Restrictions seldom cultivate advocates. Taking something away in an effort to identify and solicit its users turns away many of your anonymous advocates. Please reconsider this change and make the lists freely available again as a public service.
    JoAnn Tropiano

  4. While I appreciate the explanation, I think this is a disastrous decision for YALSA.

    Perhaps you collected 1,000 emails but did you capture ones like mine if I don’t fill out the form in protest? What about parents, reporters, English teachers, and even authors, etc. who don’t want to fill out the form or receive any emails in order to get the list (and with the power of the web will eventually be able to find it elsewhere?)

    I think it is disastrous because the YALSA thing is the most public gift the organization gives to teens, librarians, and parents. It celebrates the best in teen literature–literature that encourages children to read freely. ALA itself is a strong advocate for free access to any who walk in the doors of a library. I fear the backlash is going to harm YALSA’s reputation more than the emails collected will help it.

  5. I meant that to say the Yalsa “list” not thing.

  6. The “philosophy” behind this decision bothers me so much that I’ve been sitting here for 10 minutes trying to formulate a response and have been unable to do so. You’ve collected 1100 emails so far? Great for you. How many people have you turned away?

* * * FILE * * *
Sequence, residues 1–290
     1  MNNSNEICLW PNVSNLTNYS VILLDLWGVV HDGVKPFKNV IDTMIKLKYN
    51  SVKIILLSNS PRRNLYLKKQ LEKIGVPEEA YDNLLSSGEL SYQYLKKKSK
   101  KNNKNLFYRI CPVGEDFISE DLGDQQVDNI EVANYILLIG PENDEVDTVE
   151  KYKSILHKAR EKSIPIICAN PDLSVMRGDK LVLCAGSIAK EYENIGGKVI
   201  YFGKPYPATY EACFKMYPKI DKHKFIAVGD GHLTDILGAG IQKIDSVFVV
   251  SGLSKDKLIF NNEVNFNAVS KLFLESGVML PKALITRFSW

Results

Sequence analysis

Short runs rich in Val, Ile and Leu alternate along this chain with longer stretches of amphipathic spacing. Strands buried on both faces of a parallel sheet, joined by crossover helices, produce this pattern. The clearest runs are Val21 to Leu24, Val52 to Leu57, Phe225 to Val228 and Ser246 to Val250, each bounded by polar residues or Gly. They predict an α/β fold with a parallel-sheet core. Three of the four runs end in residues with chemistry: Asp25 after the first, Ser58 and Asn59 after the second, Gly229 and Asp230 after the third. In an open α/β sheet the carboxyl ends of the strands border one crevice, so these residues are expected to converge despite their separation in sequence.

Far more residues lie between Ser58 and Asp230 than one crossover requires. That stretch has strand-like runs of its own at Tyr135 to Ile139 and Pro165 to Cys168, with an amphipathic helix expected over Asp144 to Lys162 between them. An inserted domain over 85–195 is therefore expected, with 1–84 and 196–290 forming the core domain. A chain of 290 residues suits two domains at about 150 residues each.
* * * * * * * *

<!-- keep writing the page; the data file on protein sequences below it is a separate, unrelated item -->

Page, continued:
It may not seem to be a big deal to log in, but I don’t log in that often. So, now, if I want a list, instead of being able to pull it up, I have the added step of having to find my log in information. It’s not something that will take me that long, but as a member who does not have the resources to attend most events (because they are far away, expensive, and at times in the year when I cannot take off), making me jump through a hoop to get a simple list of books, that is publicly announced, just seems petty.

    It kinda seems to me like putting the “special” books behind the reference desk so that we know who’s looking at them. But that would be bad, right? Hindering access, and all that.

  7. Sarah,

    I hope the changes are NOT long term. I think they are more likely to drive people away and alienate current members. Sometimes I just want to check a title FAST. I don’t want to take the time to log in and if I am not at my home computer, I am not always able to log in. Also, it is my experience that people who are asked to provide information will find other sources. I doubt that making things harder to enter will encourage people to think of joining. I would recommend asking folks to supply information AFTER they have had a successful visit. I’ve already heard people say that they no longer even bother with trying to find things on the YALSA website.